Gene Estes implored his son, Shayn, to go to the emergency room that day, fearful he was having another reaction to his psychiatric medication. Shayn was forgetful, dropping things throughout the day, combative and disoriented during simple conversations.
“I wanted him to see any doctor available,” Estes said.
Gene was worried the dosage was off again. But Shayn, 33, brushed off his father’s concerns as an overreaction. He jumped out of the car after the two argued at the post office and took off walking the six blocks to his Crested Butte apartment.
That was the last time the father would see his son alive. He found Shayn the next morning, on Oct. 17, 2020, dead in his bed, lying on the top of the sheets, still clothed.
Nearly six months after Shayn’s death, a psychiatrist at Mind Springs Health, the community mental health center that runs West Springs Hospital, the Grand Junction psychiatric hospital where Shayn sought psychiatric care, filed a complaint with a state oversight contractor alleging potentially fatal prescribing of benzodiazepines at West Springs and potential harm to patients like Shayn.
An investigation into those claims by the state contractor, Rocky Mountain Health Plans, would eventually force the resignation of Dr. Thomas Newton, another psychiatrist at West Springs. Newton resigned in May 2021 after an investigation found he engaged in “aberrant prescribing” of benzodiazepines – the same drug he had prescribed Shayn Estes. It’s a drug the father now suspects caused his son to fatally overdose while sleeping, though he has no definitive answer.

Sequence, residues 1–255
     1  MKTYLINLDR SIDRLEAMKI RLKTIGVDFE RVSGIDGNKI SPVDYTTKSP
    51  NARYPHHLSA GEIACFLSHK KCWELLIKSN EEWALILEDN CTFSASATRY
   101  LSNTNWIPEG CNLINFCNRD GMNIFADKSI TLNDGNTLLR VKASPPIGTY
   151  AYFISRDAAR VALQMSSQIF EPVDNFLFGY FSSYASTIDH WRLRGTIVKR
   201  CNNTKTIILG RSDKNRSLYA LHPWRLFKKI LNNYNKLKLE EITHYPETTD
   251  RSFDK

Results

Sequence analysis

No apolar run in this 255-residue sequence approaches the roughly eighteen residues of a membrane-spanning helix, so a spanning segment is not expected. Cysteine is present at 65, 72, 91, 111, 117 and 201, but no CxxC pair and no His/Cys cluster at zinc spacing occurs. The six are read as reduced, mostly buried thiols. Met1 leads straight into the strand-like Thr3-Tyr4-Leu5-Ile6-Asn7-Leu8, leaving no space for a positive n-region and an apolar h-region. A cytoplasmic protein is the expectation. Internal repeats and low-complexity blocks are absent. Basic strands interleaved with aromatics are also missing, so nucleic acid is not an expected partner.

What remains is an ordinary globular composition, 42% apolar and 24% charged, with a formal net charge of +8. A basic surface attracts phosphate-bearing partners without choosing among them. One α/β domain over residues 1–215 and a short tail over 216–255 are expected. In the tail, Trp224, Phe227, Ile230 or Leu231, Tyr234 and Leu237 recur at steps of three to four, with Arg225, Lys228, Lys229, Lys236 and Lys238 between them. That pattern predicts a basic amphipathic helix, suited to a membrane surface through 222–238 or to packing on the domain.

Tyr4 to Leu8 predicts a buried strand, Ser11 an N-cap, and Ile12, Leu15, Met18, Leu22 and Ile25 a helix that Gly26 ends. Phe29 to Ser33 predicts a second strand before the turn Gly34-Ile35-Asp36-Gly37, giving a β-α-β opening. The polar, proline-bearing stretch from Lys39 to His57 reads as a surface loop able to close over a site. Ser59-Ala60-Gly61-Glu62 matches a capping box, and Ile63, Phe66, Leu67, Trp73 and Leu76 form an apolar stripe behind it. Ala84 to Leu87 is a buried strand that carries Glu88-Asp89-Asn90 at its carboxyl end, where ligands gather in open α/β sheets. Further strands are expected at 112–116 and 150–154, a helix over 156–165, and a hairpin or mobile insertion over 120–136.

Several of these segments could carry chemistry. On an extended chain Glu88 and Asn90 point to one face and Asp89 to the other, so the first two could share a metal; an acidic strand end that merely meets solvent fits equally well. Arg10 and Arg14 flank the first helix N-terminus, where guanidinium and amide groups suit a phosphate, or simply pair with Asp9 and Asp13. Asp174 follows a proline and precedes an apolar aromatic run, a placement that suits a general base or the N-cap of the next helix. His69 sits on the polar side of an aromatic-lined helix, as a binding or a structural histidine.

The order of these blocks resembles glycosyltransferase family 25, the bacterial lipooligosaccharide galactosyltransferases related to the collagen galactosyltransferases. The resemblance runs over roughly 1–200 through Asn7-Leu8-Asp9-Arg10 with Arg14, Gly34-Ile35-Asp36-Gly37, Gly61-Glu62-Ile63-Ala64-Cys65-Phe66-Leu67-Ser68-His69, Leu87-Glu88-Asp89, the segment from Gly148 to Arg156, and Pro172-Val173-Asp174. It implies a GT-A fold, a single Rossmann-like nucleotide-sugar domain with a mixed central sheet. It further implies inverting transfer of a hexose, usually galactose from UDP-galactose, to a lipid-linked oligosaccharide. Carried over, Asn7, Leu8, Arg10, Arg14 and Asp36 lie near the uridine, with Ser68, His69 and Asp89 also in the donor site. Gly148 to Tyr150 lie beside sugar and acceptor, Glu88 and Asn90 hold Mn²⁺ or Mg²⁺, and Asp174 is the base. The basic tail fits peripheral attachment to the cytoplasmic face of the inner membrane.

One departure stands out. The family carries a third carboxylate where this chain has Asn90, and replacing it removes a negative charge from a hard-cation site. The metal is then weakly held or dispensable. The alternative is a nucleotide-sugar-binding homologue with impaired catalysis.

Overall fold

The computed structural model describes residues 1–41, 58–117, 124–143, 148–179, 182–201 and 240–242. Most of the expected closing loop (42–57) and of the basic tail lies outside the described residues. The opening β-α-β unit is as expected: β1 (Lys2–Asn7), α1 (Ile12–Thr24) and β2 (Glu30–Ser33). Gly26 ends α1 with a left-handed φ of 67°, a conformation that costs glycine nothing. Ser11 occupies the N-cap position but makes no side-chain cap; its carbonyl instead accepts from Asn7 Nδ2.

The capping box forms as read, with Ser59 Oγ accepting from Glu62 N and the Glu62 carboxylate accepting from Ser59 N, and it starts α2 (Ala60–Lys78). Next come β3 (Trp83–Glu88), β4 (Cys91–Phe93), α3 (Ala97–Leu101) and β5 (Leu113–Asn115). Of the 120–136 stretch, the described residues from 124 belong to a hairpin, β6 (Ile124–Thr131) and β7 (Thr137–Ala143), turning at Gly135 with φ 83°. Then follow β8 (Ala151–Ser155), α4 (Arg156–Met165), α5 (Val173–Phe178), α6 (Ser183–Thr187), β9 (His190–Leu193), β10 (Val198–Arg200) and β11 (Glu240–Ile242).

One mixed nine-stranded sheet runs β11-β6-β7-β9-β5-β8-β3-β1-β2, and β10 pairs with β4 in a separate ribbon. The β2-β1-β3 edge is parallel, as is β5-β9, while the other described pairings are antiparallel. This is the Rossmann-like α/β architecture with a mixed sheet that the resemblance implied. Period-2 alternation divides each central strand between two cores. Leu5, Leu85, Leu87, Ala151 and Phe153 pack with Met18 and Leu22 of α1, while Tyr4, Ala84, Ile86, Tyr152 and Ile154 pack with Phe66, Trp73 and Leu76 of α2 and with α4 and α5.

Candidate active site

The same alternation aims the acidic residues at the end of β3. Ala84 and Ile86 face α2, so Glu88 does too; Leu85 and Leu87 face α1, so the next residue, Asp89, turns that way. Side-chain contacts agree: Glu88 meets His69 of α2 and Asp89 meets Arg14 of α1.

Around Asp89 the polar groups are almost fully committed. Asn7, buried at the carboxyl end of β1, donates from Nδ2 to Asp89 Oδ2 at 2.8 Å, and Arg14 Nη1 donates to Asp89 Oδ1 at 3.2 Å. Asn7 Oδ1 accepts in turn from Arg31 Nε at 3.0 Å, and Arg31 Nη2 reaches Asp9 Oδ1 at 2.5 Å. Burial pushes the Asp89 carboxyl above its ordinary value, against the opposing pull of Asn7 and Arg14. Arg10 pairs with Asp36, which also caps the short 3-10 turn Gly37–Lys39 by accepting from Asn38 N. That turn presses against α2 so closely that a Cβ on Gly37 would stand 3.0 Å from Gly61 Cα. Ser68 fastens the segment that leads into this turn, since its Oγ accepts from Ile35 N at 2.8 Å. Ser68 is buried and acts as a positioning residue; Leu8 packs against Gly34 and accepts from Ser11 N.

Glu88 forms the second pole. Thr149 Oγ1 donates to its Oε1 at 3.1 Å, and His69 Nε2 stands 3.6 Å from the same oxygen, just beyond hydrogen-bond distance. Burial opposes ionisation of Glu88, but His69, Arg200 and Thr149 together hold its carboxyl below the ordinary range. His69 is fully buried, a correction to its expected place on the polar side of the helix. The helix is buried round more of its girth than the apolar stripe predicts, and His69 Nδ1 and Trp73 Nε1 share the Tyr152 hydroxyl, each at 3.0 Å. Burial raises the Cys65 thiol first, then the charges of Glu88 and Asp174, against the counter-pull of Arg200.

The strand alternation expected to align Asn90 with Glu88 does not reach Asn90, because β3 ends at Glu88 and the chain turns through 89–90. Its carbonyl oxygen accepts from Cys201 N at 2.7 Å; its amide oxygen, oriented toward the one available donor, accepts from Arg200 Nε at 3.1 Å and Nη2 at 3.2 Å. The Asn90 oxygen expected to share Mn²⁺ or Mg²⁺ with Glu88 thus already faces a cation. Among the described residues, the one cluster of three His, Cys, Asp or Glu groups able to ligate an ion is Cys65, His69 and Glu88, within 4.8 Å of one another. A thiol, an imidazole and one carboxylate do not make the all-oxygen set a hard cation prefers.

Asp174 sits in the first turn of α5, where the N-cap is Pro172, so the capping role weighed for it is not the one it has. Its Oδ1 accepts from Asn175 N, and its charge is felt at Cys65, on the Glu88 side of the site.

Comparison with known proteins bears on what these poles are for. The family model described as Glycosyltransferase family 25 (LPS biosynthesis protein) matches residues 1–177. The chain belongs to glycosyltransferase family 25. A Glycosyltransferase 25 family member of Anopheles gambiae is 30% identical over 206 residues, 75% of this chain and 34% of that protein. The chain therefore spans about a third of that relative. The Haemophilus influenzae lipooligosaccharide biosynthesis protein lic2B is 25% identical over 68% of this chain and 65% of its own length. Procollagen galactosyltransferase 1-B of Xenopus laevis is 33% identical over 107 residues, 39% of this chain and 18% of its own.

“If Hippocrates could be found, he’s probably rolling around in his grave,” he said, referring to the ancient Greek physician credited with the Hippocratic Oath, which is still voiced today: “First, do no harm.”
‘A broken system’
The heavy reliance on benzodiazepines at Mind Springs has been alarmingly common in Colorado, with state reports identifying thousands of patients as at potential lethal risk because of unsafe prescribing practices, an investigation by The Gazette has found. Known as “benzos,” the anti-anxiety drugs include trade names like Klonopin, Valium, Xanax, Ativan and others, and they are soaring in popularity.
Even as state officials are seeking to rein in the use of benzodiazepines, prescriptions for the drugs nearly doubled over the past two years during a time when the COVID-19 pandemic battered psyches, said Dr. Robert Valuck, executive director of the Colorado Consortium for Prescription Drug Abuse Prevention, housed at the University of Colorado Anschutz Medical Campus.
“These are now the most commonly prescribed controlled substances in Colorado,” Valuck said.